As I write on this Monday morning, a steady rain is blowing like windswept sheets against my kitchen window. It’s been dripping for days, and the forecast shows more on the way. Portland or Seattle takes weather like this in stride, but here in sunny Southern California this is a thing! You know what they say about rainy days and Mondays …

Early this morning Greg sat at the kitchen bar sipping coffee and scanning news while I tended a skillet of sizzling sausage and veggies to pour into his omelet.

“Did you know that in the UK, the third Monday in January is dubbed Blue Monday?”

“No,” I responded. “Why is it called that?”

Now, I’m a fan of many things British. I love the BBC productions based on my favorite writers such as Jane Austen, Agatha Christie, G.K. Chesterton, and James Herriot.

Have you seen All Creatures Great and Small? Fantastic. So naturally, I was curious why the Brits would single out one day as particularly depressing.

It seems that “Blue Monday” became an annual thing in 2005, after being dreamed up by life coach and happiness consultant, Dr. Cliff Arnall. He was commissioned by SkyTravel to calculate the most depressing day of the year as a way to help them market deals on winter travel.

It involved a complex formula that, at first glance, appears scientific: [W+(D-d)]xTQ/MxNA.

Greg continued reading, “Well, the W is for weather. The D is for debt and the little “d” is for monthly salary. The T means time since Christmas and the Q represents the length of time since you gave up on your New Year’s resolution!” (So much for being scientific.)

Granted, these things—weather, debt, work, the aftermath of Christmas, and failed resolutions—can all contribute to feelings of sadness. But while this Blue Monday theory has been debunked many times, it still pops up on your news feed each year.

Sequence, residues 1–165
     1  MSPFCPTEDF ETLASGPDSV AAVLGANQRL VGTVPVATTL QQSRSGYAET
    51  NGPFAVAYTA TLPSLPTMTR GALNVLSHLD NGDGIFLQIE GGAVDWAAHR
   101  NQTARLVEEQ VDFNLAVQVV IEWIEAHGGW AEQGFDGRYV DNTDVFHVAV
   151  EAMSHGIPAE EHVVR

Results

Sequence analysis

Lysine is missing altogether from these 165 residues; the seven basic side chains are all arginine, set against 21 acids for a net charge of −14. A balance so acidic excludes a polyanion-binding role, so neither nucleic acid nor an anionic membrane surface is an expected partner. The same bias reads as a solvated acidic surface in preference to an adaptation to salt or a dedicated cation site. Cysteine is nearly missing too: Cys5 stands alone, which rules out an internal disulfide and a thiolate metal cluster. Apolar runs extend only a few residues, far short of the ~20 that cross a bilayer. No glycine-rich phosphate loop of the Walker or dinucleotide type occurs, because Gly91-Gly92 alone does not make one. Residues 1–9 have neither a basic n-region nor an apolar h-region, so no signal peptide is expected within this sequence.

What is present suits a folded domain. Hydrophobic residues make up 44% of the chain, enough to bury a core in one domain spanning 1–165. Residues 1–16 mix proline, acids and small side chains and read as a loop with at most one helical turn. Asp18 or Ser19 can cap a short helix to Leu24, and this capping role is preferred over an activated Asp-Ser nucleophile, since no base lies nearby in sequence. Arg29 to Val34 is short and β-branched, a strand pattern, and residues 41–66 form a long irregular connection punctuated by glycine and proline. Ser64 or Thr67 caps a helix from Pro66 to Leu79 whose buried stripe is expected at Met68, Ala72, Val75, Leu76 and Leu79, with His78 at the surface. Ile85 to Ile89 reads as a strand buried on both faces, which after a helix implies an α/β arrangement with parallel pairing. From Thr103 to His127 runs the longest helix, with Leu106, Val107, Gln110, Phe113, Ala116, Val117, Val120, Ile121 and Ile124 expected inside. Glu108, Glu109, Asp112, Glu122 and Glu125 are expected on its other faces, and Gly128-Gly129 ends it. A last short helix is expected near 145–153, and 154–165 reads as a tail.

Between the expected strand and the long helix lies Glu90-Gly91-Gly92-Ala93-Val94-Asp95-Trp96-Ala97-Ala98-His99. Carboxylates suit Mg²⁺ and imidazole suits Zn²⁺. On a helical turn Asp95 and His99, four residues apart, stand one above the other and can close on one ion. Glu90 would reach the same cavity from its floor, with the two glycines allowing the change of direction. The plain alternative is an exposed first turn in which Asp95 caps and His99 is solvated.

So, on this third Monday in January, as I look at gray skies and the prospect of being cooped up inside all day, I’m pondering. Is there actually a specific day when depression strikes more than usual? I doubt it. On the other hand, I recognize “those days” are real. But we can think biblically about the factors in that formula and find strategies to help us through when we’re having one of those days.


Weather and Work

As Christians, we know who controls the weather. God hasn’t walked away from the day-to-day control of His creation. He has established physical laws that govern the forces of nature, but we should never forget those laws operate according to His sovereign will.

We can’t change the weather or prevent storms (physical or spiritual) from coming into our life, but we can prepare and respond. We can begin each day by offering ourselves to God, come rain or shine, and trust Him to work through us.

What do you suppose Noah did on the ark for all those days, shut in with family and noisy animals, all making a perpetual mess? How did Joseph cope, waking up in a miserable Egyptian prison every day for seven years? I imagine they had to keep busy.